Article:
Saturday, April 9 – Lecture: “What a Photograph Tells Us”
Alexandria Black History Museum, 902 Wythe Street 
Learn how Charles Joyce traced the history of Francis Snow’s historical photograph of United States Colored Troops (USCT) at L’Ouverture Hospital in Alexandria. Images of USCT soldiers are uncommon, and remarkably, each man is identified on the back of this albumen photograph. These names provide an unusual opportunity to determine what happened to the men after the Civil War. Free, but reservations are encouraged.  2 to 3 p.m. For more information, please call 703.746.4356.

Saturday, April 9 – 12th Annual Rum Punch Challenge
Gadsby’s Tavern Museum, 134 North Royal Street 
Just as guests to the tavern did over 200 years ago, enjoy different rum punch creations from local distilleries, restaurants and caterers and vote for your favorite! The winner will be announced at the end of the evening. Also enjoy food – both period and modern – as well as a silent auction full of great items. Tickets are priced at $50 per person (includes admission – food and drinks for the evening) or $100 (includes admission and a pre-event VIP tasting with Bacardi). Reservations are required. Purchase tickets through event link above. 7 to 9:30 p.m. For more information, please call 703.746.4242.

Saturday, April 9 – A Celebration of Writing:  As Was Written
The Lyceum, Alexandria’s History Museum, 201 South Washington Street
It all started as a gathering of friends in a large Alexandria living room.  Growing bigger and bigger, their popular exchange of writings went public to a sold-out performance at The Lyceum in 2009 and now, As Was Written, returns to the Lyceum stage. The lineup includes Ben Sollee (music), Remy (comedy), Natalie McGill (comedy), Tim Hopkins (prose), Joseph LMS Green (poetry), plus more to come. Enjoy free wine and homemade desserts at intermission. Tickets are $18 in advance, $25 at the door. Doors open at 8 p.m. and the show starts at 8:30 p.m. For tickets and further information, please click here.

Sunday, April 10 – Mad Science!
Stabler-Leadbeater Apothecary Museum, 105-107 South Fairfax Street
What do super heroes, crazy animals, and explosions have in common? A mad scientist probably made them! Come to the Stabler-Leadbeater Apothecary Museum to explore where real science and mad science collide. 45 minute tours start every 30 minutes between 1 and 4:30 p.m. and feature historic medicines with surprising side effects. Upstairs, meet the Museum’s very own mad scientist bringing to life some crazy concoctions and the science behind them. Tickets are priced at $6 per person ages 5 and up, reservations recommended. 1 to 4:30 p.m. For more information, please call 703.746.

ACW DancersSunday, April 10 – Dance in the Gallery: ACW Dances
The Athenaeum, 201 Prince Street
Veteran Athenaeum performers ACW Dances return for a special free show. Featuring new work by artistic director Abigail Wallace and core company members, the company continues to push the limits of physically embodied emotion. Stay for a Q&A where audience impressions become part of the art making process. Free! 2 p.m. For more information, please visit www.nvfaa.org or call 703.548.0035.

Monday, April 11 – Alexandria-Caen Sister City Committee
Alexandria City Hall, Sister Cities Conference Room 1102, 301 King Street 
Regular monthly meeting.  Free! 7 p.m. For more information, please call 703.746.4554.

Monday, April 11 – Gary Stephans’ Art of Ballroom Dance 
The Athenaeum, 201 Prince Street 
Fun classes to learn to dance or improve your dancing skills: fox trot, waltz, tango, swing, salsa, merengue, rumba, cha-cha, and samba. All level of dancers are welcome, with or without a partner. Discover little techniques that most people never learn about and become a relaxed and proficient social dancer in these small, personalized dance lessons! Class fee is $15 per session, Basic or Advanced Techniques, attend both sessions for best results. To register for either or both sessions, click here. Basic Techniques class is 7 to 7:45 p.m.  Advanced Techniques is 7:45 to 8:30 p.m. Free practice session from 8:30 to 9 p.m. To register, click here. For more information, please visit garystephans@me.com or call 703.505.5998.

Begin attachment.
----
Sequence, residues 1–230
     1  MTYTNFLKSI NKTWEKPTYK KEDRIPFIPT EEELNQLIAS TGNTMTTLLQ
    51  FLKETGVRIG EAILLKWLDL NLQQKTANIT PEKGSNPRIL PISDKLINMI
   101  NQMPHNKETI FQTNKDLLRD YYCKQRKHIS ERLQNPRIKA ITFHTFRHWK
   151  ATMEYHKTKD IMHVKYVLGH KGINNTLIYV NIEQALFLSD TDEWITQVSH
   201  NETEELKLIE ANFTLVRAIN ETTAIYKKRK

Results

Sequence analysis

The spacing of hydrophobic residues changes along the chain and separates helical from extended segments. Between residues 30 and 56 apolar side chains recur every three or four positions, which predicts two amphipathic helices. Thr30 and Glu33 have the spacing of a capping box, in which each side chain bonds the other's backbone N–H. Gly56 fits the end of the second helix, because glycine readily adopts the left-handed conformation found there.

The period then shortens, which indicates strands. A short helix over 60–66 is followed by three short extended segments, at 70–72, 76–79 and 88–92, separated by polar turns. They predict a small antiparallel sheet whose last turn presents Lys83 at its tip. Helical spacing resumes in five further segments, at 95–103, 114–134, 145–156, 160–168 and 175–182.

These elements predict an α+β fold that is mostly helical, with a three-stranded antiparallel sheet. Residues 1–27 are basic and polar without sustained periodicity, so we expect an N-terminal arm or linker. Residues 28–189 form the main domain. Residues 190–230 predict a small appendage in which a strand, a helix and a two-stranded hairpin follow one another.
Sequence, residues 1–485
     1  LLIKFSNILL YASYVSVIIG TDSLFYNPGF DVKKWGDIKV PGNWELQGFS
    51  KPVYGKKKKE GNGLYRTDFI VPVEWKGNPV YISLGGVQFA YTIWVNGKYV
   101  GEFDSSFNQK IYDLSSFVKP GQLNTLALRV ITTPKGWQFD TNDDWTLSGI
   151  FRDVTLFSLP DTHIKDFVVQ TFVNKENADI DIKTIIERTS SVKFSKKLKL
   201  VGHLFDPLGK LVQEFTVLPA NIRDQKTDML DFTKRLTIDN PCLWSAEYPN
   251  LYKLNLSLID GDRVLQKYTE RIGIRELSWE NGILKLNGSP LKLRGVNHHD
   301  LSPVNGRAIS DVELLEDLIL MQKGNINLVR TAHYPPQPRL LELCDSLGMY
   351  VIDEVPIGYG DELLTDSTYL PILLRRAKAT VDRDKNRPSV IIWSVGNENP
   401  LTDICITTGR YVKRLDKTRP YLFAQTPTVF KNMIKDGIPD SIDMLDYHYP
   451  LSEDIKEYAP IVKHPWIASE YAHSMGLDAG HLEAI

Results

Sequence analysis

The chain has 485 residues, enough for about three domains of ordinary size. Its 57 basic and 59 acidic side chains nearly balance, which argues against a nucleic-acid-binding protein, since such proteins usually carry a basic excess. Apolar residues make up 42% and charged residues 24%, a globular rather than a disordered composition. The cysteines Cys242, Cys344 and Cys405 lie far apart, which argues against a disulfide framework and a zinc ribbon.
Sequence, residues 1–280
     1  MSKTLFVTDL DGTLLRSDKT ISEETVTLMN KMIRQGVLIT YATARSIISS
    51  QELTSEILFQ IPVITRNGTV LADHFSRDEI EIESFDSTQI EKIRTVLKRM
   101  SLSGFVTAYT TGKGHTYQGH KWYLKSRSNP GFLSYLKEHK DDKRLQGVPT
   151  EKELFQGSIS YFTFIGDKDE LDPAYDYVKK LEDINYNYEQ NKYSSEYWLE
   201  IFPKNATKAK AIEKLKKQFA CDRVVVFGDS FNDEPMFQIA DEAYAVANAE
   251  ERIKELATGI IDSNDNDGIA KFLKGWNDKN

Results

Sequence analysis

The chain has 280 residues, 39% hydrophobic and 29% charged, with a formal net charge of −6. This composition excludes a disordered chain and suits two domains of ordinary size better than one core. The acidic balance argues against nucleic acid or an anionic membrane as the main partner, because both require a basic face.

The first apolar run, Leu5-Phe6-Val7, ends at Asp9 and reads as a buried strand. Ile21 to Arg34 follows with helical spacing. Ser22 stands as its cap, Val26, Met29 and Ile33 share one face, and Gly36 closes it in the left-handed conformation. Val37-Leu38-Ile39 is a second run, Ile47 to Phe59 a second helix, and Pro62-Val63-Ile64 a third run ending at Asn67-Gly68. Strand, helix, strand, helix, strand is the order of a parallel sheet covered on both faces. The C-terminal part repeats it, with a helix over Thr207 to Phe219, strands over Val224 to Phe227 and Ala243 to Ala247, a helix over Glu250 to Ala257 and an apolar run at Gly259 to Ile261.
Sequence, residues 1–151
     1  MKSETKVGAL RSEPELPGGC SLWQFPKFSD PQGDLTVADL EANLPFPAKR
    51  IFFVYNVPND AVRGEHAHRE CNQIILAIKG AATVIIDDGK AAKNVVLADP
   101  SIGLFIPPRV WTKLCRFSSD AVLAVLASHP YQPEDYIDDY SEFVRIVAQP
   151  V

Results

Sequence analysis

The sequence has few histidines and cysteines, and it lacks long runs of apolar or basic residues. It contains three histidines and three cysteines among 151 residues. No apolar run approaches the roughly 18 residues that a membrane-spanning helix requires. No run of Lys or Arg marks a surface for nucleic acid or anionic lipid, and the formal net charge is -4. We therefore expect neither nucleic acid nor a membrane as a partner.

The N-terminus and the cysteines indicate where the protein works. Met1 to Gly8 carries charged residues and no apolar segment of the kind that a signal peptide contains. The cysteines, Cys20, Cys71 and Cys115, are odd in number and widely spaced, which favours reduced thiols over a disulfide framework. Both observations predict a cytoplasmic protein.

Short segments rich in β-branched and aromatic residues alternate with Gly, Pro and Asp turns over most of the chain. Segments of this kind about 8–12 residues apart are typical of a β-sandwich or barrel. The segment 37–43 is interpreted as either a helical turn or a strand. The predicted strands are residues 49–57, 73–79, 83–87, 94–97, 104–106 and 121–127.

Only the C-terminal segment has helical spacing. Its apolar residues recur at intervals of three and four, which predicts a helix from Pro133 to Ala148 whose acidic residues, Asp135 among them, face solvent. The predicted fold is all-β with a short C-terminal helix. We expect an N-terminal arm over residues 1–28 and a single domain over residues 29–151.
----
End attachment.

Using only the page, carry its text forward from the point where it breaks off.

Now on Exhibit – Oils and Encaustics 
The Athenaeum, 201 Prince Street
In her wax and oil paintings, artist Georgia Nassikas explores the intersection of the abstract and the representational. She focuses on the elemental lines, shapes, and colors that define at core of the natural world. The resulting calm luminous quality of her compositions urge inner reflection and outward preservation of earth’s beautiful balance. Over the past decade, in parallel with her organic beekeeping and gardening, she has refined her use of the ancient art of encaustic painting, prevalent in ancient Greece, Egypt, and Italy. She heats and mixes wax from her honeybees with natural pigments and damar cystals. Painting from a hot palette, she manipulates her multi-layered surfaces through marking, scoring, scraping, and burning. These paintings on wood panels present a surface tension and figurative complexity different from the traditional flow of oil as a medium. Free! Open Thursday through Sunday, 12 Noon to 4 p.m. For more information, please visit www.nvfaa.org or call 703.548.0035.

Now on Exhibit – Medical Care for the Civil War Soldier  
Fort Ward Museum, 4301 West Braddock Road
Come see a variety of medical tools, instruments, equipment and images from the Museum’s Civil War collection.  A number of surgical instruments are displayed in a new exhibit, “Medical Care for the Civil War Soldier,”  that relate to some of the procedures already depicted in Mercy Street, such as:  a trephine used to drill into the skull, a surgeon’s amputation kit, a tourniquet, a tenaculum used to tie off arteries, suture needles, a forceps and scalpels.  Several examples of medicine tins are included which held contents like chloroform for anesthesia, cholera mix for digestive illnesses, and quinine to relieve fevers and other ailments.  Examples of small pocket surgical kits and a surgeon’s field case are included, as well as arm and leg splints and a crutch.